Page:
“There’s a stereotype that people don’t want to give those people apartments for rent or give people a job,” said Anna Bondar, public relations manager for the American-Jewish Joint Distribution Committee, or JDC, in the Kiev region. “They think in the beginning that these refugees were not against the situation, and many of them are pro-Russian, and that’s why they’re blaming them.”

JDC has aided more than 600 Jewish refugees in the Kiev area with help from the International Fellowship of Christians and Jews, which has poured more than $19 million into Ukraine since December 2013. Through the local branch of Hesed and Beiteinu, a JDC center for youth and family programs, JDC provides newly arrived families three to six months of subsidies for food, clothes, toiletries, medicine and rent totaling up to about $250 a month. The centers also host programs for the elderly and families, as well as a Sunday school.

Nina Tverye, who left the eastern city of Donetsk with her grandson in July and attends Hesed’s day programs for the elderly, said “it makes it feel better” to spend time with other refugees. Tverye said refugees spend all their time talking about the war.

“From this we start the day, and with this we finish the day,” Tverye said. “We are always discussing what is happening.”

Children from the Russian-speaking east face the added challenge of integrating into Ukrainian-speaking schools. At Or Avner, a Chabad-run elementary and middle school in Kiev, 15 refugees have been absorbed into a student body of 160, and the school provides tutors to help with the language difficulty as well as clothes and daily hot meals to take home.

But though a psychologist visits the school weekly to meet with refugees, the school has treaded lightly in explaining the war to its students. Teachers are afraid of wading into a controversial subject, so they stick instead to biblical tales on the importance of welcoming guests.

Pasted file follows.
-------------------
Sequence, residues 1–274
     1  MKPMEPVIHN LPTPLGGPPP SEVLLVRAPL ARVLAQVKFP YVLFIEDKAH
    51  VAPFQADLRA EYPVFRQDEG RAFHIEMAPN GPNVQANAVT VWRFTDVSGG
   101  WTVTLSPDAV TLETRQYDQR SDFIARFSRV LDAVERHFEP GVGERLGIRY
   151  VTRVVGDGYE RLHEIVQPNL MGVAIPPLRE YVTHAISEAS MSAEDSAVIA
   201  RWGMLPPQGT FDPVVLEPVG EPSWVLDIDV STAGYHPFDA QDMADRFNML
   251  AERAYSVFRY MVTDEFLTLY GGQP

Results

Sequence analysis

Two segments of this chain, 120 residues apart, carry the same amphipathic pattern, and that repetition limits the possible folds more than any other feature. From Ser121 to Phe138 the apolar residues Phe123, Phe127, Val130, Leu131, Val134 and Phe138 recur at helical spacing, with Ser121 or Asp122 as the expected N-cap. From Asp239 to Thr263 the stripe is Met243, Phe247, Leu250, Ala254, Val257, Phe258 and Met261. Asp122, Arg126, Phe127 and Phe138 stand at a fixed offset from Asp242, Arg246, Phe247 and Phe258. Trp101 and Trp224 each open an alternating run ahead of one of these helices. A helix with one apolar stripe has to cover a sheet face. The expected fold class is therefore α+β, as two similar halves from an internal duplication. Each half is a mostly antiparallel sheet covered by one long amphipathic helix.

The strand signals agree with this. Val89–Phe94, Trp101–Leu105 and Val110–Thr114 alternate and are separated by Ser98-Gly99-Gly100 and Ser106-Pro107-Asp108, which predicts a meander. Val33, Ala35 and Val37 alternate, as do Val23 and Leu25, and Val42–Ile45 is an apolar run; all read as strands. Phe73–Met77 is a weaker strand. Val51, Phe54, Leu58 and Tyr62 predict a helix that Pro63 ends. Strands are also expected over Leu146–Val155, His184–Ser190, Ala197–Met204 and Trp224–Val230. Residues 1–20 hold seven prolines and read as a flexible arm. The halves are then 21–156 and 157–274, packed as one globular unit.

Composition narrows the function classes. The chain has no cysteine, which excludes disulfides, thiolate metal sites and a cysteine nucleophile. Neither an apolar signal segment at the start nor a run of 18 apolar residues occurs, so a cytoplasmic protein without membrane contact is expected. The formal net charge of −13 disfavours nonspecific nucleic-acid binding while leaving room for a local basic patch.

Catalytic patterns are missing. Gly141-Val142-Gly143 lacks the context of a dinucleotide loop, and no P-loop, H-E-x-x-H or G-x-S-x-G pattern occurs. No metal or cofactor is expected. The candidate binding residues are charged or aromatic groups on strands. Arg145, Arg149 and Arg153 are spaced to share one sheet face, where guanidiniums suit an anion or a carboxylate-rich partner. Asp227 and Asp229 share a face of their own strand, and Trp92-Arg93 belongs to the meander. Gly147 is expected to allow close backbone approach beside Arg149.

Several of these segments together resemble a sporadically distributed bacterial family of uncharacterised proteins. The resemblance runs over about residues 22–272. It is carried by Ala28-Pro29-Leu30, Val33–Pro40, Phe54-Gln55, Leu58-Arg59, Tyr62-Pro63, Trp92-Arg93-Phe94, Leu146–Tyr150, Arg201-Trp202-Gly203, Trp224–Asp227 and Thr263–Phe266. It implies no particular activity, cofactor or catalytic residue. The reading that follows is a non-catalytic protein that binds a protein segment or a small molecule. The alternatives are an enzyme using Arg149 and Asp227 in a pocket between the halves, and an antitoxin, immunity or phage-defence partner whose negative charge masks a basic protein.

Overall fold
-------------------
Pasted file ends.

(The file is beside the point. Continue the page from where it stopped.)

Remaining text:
“Children are very sensitive, so when the parents are tense — they lost their job, the future is in question — we receive frightened, nervous, foreign children,” said Elka Ina Markovitch, the school’s founder. “When a child comes from a stable family, they still react in as calm a way as possible. An unstable family reacts unstably.”

Jewish aid workers all say the Jewish community harbors less animosity toward Jewish refugees than Kievans in general. But the burden of helping Jewish refugees has fallen to international groups like IFCJ rather than local Ukrainian Jewish organizations.

Donetsk Rabbi Pinchas Vishetsky, who has seen his city’s community dwindle from 10,000 before the war to 2,000 now, left for Kiev in August. He now manages the Donetsk community’s religious, educational and charity programs from afar, largely through IFCJ funding. He has given up hope of returning anytime in the near future.

“The Ukrainian Jews are in a complex situation, they’re in a complex economic crisis,” Vishetsky said. “They need to take care of the local Jewish community before they take care of communities affected by war. I hope God will do what’s needed. I have stopped hoping and started living with reality.”

Ilya and Luba Tolkachov and their 22-month-old son live in a tiny one-room Kiev apartment, which they share with with Ilya’s mother. (Ben Sales)